Previously, the Shaws had an agreement with National Conservancy of Canada and the National Museum of Natural Science that allowed people access to the woods. This agreement expired a few years ago. The new interested people asked these organizations if they’d like to continue their partnership, and after they declined, Remus says they formed their own board of directors to “keep the governance local,” he says.

The board consists of many parties besides interested citizens such as representatives from all four local school boards, Algonquin College, the Algonquins of Pikwakanagan, Renfrew County, the Shaw family, the Ministry of Natural Resources and others.

“It’s totally volunteer and community-based,” Remus says.

Remus notes it’s very important to the Shaw family that the property be maintained in its original state, which the group is doing through work such as the improvements.Grant Dobson, trails/site chair, says as an example, this summer workers installed about 220 feet of boardwalk through wetlands sections, which are more sensitive environments. Having the boardwalks will direct the hiker traffic and, therefore, take the stress off those sections, he says.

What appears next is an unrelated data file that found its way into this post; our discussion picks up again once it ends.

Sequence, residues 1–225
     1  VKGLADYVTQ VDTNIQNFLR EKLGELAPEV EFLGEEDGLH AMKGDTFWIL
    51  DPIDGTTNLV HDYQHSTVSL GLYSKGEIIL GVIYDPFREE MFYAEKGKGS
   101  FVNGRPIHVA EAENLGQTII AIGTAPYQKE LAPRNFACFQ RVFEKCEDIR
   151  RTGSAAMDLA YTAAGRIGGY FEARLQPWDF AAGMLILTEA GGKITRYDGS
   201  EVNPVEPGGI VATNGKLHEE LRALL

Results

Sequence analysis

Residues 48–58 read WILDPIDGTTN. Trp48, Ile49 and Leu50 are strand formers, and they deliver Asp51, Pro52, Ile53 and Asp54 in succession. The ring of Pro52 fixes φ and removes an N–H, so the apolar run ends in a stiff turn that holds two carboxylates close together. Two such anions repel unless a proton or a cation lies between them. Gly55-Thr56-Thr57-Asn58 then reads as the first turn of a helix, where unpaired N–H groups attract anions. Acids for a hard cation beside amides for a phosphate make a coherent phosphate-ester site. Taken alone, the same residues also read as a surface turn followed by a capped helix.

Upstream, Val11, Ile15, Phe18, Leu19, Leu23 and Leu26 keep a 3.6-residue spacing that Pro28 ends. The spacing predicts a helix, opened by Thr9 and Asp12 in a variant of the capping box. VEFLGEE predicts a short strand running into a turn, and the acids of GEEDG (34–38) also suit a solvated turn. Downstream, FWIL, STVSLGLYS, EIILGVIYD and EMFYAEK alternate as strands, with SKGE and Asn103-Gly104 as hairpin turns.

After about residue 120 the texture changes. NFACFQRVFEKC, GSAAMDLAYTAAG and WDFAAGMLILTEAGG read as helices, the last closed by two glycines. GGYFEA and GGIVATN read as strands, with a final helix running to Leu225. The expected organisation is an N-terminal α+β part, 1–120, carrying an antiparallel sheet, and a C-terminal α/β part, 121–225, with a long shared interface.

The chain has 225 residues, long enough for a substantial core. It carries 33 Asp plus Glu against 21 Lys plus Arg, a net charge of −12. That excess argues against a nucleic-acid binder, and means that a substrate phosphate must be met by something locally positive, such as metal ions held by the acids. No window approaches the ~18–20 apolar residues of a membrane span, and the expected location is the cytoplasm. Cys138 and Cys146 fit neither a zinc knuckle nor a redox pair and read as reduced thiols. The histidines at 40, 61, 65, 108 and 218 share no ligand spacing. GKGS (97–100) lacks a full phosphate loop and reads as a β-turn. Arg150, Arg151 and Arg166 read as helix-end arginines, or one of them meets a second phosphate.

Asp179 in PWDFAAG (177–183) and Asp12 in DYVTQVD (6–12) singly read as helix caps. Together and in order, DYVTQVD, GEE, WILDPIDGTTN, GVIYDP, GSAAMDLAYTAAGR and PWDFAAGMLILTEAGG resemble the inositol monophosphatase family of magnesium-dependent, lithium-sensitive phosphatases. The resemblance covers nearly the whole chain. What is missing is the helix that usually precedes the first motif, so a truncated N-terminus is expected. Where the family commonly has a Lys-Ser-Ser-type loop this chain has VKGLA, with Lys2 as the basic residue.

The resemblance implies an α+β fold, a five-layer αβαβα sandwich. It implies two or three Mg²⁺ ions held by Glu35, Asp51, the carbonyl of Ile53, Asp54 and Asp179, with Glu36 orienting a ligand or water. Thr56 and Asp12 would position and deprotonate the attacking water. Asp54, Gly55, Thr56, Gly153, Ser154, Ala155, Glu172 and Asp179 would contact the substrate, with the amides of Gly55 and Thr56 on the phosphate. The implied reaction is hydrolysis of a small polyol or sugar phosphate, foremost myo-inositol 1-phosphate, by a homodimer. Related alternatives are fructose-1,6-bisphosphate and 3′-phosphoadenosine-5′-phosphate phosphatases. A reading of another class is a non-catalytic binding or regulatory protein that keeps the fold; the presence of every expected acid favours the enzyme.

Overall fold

Money for the new improvements came partially from a Renfrew County Community Futures Development Corporation grant ($28,000) with the organization needing to contribute $39,500 on its own.

As a charitable organization that’s able to give receipts, treasurer Carol Campbell says most of the organization’s portion came from donations.

The money was divided into three sections: the hiring of an intern to work the trails this past summer; for promotion, communication and publications; and for materials.

Remus notes to start off, the Renfrew County Stewardship Council gave them $10,000, which allowed them to become incorporated and get things started.

Volunteer workers, Ontario and Stewardship Rangers and the intern helped complete the work this summer.

Now, visitors can travel the west side trails and follow the visitor’s guide that Dobson says “gives people a glimpse into what an old forest is.”

He adds, “It shows the highlights and what to look for.”